The Associated Press
In the wake of a Feb. 2 coal ash spill near Eden, North Carolina, another town in the state is re-examining the possible effects of living near a coal ash dump. Residents living in some 150 homes near the Buck Steam Station in Dukeville, North Carolina, are worrying about what's in their water -- and whether it's affected their health -- in the wake of revelations of possible well contamination.
Here are five things to know:
1. THE DUKEVILLE DUMPS
Built in 1926, Duke Energy's Buck Steam Station sits along the banks of the Yadkin River in Dukeville, the name given to the original mill village built to house plant employees. The plant, named for company co-founder James "Buck" Duke, has three unlined pits containing an estimated 6.1 million tons of coal ash. Coal ash contains substances including arsenic, selenium, chromium, beryllium, thallium, mercury, cadmium and lead.
2. EXCESSIVE READINGS
Since 2011, monitoring wells surrounding the pits have exceeded state groundwater standards on 226 readings, including for high amounts of boron, manganese, iron and chromium. Residents living near the plant were not informed of the findings, nor did state regulators require Duke to test for contamination on any neighboring properties. Chromium is of concern because in its most toxic form -- hexavalent chromium -- it is a known carcinogen.
3. NEW TESTS
In recent months, the environmental group Waterkeeper Alliance tested well water from 15 homes near the plant and found that some contained contaminates -- among them chromium and lead -- at levels exceeding state standards. Another water sample, taken from a homeowner's cow pasture, showed chromium at nearly 10 times state standards as well as high readings for lead, manganese, iron and boron. A Duke University geochemistry professor says the sample provides strong evidence coal ash contamination has spread to the farm.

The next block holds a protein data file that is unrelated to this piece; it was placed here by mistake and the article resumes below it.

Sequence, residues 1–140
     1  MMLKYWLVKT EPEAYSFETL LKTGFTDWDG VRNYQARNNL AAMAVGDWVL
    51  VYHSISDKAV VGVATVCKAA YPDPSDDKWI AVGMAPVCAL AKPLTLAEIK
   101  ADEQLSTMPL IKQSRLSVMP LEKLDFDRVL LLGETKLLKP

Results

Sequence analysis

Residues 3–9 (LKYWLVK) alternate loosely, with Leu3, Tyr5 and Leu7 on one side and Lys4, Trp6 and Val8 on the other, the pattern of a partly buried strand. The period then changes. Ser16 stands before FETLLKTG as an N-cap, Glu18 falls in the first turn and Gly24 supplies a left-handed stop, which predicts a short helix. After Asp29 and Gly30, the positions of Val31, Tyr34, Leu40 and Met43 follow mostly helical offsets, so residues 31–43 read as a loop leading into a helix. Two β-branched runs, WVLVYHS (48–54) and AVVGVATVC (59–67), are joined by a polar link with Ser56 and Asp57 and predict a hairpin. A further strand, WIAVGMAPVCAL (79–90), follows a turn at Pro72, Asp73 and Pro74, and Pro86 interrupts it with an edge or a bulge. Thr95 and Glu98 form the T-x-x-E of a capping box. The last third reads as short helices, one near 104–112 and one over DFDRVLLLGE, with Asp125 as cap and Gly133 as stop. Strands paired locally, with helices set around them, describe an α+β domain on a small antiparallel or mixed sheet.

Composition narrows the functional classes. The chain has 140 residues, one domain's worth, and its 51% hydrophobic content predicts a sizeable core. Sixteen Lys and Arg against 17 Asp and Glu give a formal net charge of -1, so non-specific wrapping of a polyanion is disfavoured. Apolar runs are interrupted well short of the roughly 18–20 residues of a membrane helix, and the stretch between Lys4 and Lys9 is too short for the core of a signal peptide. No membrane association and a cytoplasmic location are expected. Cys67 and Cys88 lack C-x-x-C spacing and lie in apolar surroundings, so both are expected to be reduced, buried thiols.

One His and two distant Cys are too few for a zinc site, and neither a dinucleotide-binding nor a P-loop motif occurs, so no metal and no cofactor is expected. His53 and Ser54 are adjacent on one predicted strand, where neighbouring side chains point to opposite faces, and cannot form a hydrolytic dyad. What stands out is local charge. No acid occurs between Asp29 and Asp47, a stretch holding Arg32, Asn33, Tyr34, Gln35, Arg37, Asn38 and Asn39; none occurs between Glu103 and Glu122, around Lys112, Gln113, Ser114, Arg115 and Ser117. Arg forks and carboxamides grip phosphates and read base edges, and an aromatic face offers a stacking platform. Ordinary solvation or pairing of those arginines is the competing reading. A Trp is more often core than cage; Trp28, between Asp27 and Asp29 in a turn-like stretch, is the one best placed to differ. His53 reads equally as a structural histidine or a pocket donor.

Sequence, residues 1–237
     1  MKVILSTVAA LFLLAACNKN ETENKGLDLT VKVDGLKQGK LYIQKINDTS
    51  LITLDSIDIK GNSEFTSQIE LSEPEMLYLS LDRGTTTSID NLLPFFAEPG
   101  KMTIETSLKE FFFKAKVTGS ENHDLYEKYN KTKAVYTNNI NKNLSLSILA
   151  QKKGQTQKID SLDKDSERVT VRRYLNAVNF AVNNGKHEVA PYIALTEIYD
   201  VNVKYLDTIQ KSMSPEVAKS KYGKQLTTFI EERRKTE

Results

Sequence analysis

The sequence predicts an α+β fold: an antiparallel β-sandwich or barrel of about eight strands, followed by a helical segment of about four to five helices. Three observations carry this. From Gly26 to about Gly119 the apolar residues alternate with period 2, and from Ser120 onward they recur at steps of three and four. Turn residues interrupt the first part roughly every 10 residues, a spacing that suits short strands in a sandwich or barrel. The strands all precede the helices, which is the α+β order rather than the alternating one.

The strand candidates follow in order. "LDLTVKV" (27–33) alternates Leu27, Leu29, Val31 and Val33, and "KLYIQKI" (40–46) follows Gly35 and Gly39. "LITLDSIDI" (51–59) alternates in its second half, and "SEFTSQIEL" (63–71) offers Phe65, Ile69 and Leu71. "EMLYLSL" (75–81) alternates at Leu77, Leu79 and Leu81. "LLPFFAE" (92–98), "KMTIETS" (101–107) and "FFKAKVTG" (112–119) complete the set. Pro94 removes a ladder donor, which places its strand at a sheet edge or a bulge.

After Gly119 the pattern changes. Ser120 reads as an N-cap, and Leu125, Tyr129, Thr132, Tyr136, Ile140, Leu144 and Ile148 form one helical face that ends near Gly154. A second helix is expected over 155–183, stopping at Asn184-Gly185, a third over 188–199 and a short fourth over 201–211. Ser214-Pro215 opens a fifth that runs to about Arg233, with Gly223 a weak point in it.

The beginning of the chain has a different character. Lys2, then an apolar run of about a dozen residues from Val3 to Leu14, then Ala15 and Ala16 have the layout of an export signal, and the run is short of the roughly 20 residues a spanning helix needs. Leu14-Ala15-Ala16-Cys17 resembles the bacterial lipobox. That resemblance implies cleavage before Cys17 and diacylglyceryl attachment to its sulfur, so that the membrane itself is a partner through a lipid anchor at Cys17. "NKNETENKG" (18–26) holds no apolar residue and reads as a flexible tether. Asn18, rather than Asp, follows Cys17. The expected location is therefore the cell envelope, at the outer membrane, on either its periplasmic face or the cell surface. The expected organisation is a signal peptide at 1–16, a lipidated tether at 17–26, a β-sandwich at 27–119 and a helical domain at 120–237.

4. RESIDENTS WORRY
Dukeville residents gathered last month for a town hall meeting about the ash pits, expressing worry about what's in their water. They are asking for more studies of potential health effects and hoping that Duke will pay to extend municipal water lines out to where they live, as the company did in a neighborhood near Wilmington when drinking wells were threatened. Duke says the results of its own testing around the Buck plant shows residents are in no danger.
5. THE BIGGER PICTURE
Duke Energy, the nation's largest electricity company, has 33 unlined coal ash basins at 14 sites in North Carolina, containing more than 100 million tons of waste. State regulators have known for years that pollution from the pits was contaminating groundwater. On Feb. 2, a pipe burst under one near Eden, coating the Dan River in gray sludge. State lawmakers are currently debating whether to force Duke to move all of its toxic ash away from rivers and lakes that numerous municipalities rely on for drinking water.
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